Are you missing the talents of your employees?

You may have heard a story similar to this one. Bob is amazing at programming. He can create algorithms and find bugs faster than most. He stays focused for hours and enjoys sitting at his computer. If your business needs coders, Bob might be a great fit. Bob is autistic.

In this example, Bob is a fictional character, illustrating that all of us have unique talents and can contribute positively to the workplace. As leaders, our biases can often cause us to perceive deficits in certain employees, yet in reality, some people can perform better than others when accommodated. Often, we don’t look for hidden talents or think about accommodations because that is not the way we have done things in the past.  

The concept of neurodiversity, or people thinking differently, is not new. Some other cognitive differences include dyslexia, ADHD, or social anxiety disorders. In their HBR article, Neurodiversity as a Competitive Advantageauthors Robert Austin and Gary Pisano reported, “Many people with these disorders have higher-than-average abilities; research shows that some conditions, including autism and dyslexia, can bestow special skills in pattern recognition, memory, or mathematics.”

I am dyslexic. About 20% of the world’s population is. Most dyslexic people have average to above-average IQs, and just like the general population some have superior to very superior scores. I like to think I am in that group, but joking aside, my point is our traditional views of who is a “good” employee can cause managers to miss the talents of their team members. Knowing your people’s talents is close to my heart and experience because I have lost opportunities due to a spelling error. To me, it didn’t derail my career, but for others, it can be a big deal.

How we navigate this layer of diversity is key to increased productivity and can be very straightforward.


Notice what they do well and how others react to them. What do colleagues say? For example, they are well organized or disorganized, direct, always positive, consistent, get others to do things with them, great with details, follow through, or fast-paced. These are talents that might not show up on resumes. I like the recommendation from authors Debbie Ferguson and Frederick Lee in their HBR article: “Look for the sparkles in your talent pool.”


In the last 50 years, psychological assessment tools have advanced, providing improved behavioral, motivation and acumen profiles for people. These measures are more than personality traits. Personalities change more easily; behaviors and motivations change less because they measure how our minds work and process information. My recommendation is to look at the assessment’s research base to see what it measures, the validity of questions and reliability across diverse populations. I use the TTI Success Insights tools because they meet a high standard and uniquely use biofeedback to validate the efficacy of the questions they use. When we know our people’s talents, their strengths, it is easier to be able to have them in the right position so they can really excel.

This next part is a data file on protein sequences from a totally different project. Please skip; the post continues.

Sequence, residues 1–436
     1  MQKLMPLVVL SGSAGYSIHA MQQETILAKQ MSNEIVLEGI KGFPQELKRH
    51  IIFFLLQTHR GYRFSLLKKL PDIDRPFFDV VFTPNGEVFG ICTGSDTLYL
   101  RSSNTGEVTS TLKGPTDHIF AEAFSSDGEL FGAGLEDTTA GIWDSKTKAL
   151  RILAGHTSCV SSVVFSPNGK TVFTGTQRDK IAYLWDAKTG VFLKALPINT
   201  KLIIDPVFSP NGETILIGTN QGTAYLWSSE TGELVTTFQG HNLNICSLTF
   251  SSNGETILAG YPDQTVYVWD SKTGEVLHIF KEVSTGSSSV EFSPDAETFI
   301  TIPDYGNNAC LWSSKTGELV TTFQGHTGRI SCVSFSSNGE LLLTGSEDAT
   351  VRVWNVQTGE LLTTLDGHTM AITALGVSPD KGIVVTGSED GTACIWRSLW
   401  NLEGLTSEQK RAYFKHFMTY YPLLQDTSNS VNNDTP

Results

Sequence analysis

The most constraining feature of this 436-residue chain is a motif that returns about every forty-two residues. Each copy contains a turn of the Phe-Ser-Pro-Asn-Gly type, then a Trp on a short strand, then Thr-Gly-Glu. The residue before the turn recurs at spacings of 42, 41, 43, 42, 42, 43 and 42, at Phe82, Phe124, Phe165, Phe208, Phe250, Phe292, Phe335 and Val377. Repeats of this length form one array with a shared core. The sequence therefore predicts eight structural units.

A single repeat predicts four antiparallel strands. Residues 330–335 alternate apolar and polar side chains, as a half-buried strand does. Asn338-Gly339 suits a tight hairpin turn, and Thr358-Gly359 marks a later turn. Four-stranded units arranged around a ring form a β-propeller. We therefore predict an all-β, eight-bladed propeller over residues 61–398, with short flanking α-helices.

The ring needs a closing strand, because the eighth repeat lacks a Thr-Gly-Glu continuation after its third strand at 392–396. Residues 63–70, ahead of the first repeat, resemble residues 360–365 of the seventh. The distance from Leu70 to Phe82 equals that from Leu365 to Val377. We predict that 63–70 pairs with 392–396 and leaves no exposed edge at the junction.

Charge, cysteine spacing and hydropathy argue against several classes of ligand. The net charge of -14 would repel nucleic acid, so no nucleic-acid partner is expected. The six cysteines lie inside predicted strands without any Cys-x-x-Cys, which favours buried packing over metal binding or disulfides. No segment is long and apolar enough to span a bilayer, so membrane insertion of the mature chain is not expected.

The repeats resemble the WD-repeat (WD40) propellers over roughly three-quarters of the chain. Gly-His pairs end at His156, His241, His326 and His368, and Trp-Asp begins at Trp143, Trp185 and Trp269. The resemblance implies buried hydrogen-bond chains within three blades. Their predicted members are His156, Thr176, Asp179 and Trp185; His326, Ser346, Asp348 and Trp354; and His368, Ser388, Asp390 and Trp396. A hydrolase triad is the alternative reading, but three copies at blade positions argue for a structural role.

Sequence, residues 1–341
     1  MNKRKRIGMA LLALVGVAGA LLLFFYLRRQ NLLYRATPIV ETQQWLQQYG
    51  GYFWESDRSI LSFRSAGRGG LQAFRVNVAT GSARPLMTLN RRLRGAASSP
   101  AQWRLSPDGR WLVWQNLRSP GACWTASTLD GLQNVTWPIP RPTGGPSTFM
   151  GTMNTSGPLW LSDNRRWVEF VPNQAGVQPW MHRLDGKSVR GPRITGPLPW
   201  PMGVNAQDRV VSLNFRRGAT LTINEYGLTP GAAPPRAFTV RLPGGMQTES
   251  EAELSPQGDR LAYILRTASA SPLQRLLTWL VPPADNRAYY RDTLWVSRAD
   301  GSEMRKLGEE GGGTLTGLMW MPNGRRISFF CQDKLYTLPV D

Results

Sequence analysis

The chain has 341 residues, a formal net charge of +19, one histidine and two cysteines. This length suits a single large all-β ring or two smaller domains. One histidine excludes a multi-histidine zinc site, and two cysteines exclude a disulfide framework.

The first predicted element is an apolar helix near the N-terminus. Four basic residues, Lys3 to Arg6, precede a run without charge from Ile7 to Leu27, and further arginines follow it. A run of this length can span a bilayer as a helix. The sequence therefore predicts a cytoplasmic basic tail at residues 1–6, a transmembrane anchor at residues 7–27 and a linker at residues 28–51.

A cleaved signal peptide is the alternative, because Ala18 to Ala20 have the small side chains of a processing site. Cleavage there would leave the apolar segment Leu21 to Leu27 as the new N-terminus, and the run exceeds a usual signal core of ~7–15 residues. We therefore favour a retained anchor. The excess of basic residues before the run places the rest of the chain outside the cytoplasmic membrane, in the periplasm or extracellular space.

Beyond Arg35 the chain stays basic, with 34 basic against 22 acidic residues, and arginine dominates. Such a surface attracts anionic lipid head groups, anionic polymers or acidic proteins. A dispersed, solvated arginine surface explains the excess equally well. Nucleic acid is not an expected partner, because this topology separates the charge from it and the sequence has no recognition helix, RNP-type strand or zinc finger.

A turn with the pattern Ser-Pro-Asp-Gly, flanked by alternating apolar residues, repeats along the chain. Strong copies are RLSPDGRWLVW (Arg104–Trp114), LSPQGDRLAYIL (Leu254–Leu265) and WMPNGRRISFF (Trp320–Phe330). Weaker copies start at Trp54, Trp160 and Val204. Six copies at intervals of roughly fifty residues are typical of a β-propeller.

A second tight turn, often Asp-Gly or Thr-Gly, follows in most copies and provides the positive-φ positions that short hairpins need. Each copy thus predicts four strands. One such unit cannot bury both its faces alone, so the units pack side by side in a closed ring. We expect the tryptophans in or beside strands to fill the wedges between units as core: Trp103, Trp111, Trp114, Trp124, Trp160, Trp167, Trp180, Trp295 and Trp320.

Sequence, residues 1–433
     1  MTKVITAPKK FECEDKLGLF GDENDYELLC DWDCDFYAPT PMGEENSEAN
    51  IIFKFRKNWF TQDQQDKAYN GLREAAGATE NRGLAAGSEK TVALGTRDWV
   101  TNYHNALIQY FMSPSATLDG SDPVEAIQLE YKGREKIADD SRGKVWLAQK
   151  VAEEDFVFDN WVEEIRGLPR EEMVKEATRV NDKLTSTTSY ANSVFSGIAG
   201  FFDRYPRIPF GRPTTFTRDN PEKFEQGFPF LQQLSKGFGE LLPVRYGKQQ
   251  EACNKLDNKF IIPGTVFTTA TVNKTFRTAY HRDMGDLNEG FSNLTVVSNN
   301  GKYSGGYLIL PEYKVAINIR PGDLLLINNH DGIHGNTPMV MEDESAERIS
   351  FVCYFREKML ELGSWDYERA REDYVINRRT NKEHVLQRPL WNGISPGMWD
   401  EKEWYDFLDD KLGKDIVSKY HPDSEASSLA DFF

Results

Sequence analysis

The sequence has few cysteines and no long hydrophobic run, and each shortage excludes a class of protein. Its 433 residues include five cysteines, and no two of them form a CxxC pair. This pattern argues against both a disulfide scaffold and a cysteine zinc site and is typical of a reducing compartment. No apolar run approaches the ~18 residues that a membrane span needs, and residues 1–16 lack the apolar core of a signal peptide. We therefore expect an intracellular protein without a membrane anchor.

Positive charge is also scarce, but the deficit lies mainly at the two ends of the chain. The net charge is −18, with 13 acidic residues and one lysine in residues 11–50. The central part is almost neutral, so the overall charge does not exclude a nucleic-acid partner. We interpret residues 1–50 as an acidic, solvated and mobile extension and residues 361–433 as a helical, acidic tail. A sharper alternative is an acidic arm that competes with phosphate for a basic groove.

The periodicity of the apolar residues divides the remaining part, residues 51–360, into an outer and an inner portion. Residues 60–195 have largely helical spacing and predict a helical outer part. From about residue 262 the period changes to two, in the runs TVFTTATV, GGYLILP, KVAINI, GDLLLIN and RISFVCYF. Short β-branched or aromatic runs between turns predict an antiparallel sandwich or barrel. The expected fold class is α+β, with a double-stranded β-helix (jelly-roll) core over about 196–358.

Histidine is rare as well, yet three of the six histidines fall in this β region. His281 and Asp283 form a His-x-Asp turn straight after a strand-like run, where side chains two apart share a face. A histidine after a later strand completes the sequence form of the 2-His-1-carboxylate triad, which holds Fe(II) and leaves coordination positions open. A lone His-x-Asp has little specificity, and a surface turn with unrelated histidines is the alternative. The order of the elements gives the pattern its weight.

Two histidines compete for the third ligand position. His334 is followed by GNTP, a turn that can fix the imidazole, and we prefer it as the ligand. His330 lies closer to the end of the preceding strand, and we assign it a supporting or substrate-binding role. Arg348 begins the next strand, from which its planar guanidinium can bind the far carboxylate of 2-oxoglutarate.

Job descriptions traditionally are lists of tasks. A better approach to develop a true job description is to consider input from those who do the job currently and the people who are affected by the position throughout the company. This type of feedback can expand the job description to include behaviors, communication styles and the pace required to perform well in the position. This enhanced job profile can be used for selecting ideal candidates. It creates a picture of the position and helps when hiring a candidate to match the job.


While this sounds simple, it is a long-term strategy because it takes time. Employees may not be candid with you unless they trust you. It helps to work every day to build a trusting, respectful relationship so you can talk openly about tasks, concerns and what they want to do for your company. Getting honest feedback about both what is going well and not so well will create a more sustainable organization and happier employees in the long run. 

Paying attention to your current employees and recognizing what may be hidden talents can produce big results. If you don’t have already-developed diversity, equity and inclusion (DEI) efforts, this is a great place to start, as it applies to all diversity.

There are many reports and research that support the importance of building diverse organizations. A diverse workforce is linked to greater innovation and performance. McKinsey recently reported that diverse companies had higher profits than their more homogeneous counterparts. My experience working with teams and individuals is that helping them recognize their team’s cognitive diversity can cut through many of the challenges that exist such as decision-making and improving communication. It’s the sparkle you want to look for, as it will light up everyone.

Photo by cottonbro studio via Pexels.